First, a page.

The Executive Board of the International Monetary Fund (IMF) has completed its second review of Cape Verde’s economic performance under a SDR 8.64 million (about US$12 million) Poverty Reduction and Growth Facility (PRGF) arrangement (see Press Release No. 02/18). This opens the way for release of a farther SDR 1.23 million (about US$1.7 million), bringing the total amount drawn under the arrangement to SDR 3.7 million (about US$5.2 million).
The PRGF is the IMF’s concessional facility for low income countries. PRGF-supported programs are based on country-owned poverty reduction strategies adopted in a participatory process involving civil society and development partners and articulated in a Poverty Reduction Strategy Paper (PRSP). This is intended to ensure that PRGF-supported programs are consistent with a comprehensive framework for macroeconomic, structural, and social policies to foster growth and reduce poverty. PRGF loans carry an annual interest rate of 0.5 percent and are repayable over 10 years with a 5 ½-year grace period on principal payments.
After the Executive Board’s discussion on Cape Verde, Shigemitsu Sugisaki, Deputy Managing Director and Acting chair, stated:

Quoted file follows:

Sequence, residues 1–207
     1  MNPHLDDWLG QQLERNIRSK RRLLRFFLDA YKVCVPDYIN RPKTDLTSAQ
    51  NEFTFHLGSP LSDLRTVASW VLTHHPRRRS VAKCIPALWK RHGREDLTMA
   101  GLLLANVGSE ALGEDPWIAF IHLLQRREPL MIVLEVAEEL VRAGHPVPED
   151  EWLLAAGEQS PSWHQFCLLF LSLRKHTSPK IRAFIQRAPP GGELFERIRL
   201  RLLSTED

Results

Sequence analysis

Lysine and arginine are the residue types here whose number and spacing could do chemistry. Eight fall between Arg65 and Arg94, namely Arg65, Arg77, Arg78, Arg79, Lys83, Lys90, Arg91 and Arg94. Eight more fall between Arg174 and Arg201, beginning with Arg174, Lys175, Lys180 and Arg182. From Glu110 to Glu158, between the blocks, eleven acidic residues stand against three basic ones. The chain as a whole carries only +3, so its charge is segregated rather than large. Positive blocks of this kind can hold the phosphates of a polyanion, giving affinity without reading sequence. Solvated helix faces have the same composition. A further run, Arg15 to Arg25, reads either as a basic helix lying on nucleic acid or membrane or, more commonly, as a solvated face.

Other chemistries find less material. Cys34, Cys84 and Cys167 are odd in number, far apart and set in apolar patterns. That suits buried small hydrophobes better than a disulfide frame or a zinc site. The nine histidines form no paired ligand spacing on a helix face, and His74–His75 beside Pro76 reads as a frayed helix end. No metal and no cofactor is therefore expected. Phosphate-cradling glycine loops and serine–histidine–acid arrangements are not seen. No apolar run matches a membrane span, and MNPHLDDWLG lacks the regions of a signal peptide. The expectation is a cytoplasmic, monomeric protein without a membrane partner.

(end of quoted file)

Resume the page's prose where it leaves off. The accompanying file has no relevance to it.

“Cape Verde’s economy has performed well under the first year of the PRGF-supported program. Substantial progress was made in restoring macroeconomic stability through the application of appropriate fiscal and monetary policies, which have established the basis for high rates of economic growth in the future. Economic growth picked up in 2002, inflation fell, and international reserves increased. Fiscal revenues were stronger and the fiscal deficit was lower than expected. The increase in the external current account deficit in 2002 reflected strong growth in imports of capital goods financed by official and private capital flows, indicating a rebound in investment; the overall balance of payments registered a surplus for the second consecutive year. Continued structural reforms to improve the climate for private investment and to enhance external competitiveness will be critical to achieving long-term sustainability of the balance of payments.
“The authorities have made considerable progress in several key structural areas. An automatic price adjustment mechanism for domestic petroleum products was implemented, and two loss-making public enterprises were liquidated. The adverse social impact of the liquidations was mitigated by donor-funded retrenchment payments to affected workers. In other areas, introduction of the value-added tax has been delayed until January 2004, but the authorities are encouraged to move as quickly as possible with the few remaining preparatory steps. The authorities will need to take measures to redress financial losses of the water and power utility and the national airline, including improvements in utility regulation, at the same time maintaining the smooth operation of key social services.
“Preparations for the full PRSP are proceeding well, and it should be completed by the end of this year. The PRSP will help bring cohesion to the authorities’ development objectives, ensure consistency between poverty reduction and macroeconomic stability, and provide a framework to mobilize the donor support necessary to achieve the Millennium Development Goals,” Mr. Sugisaki stated.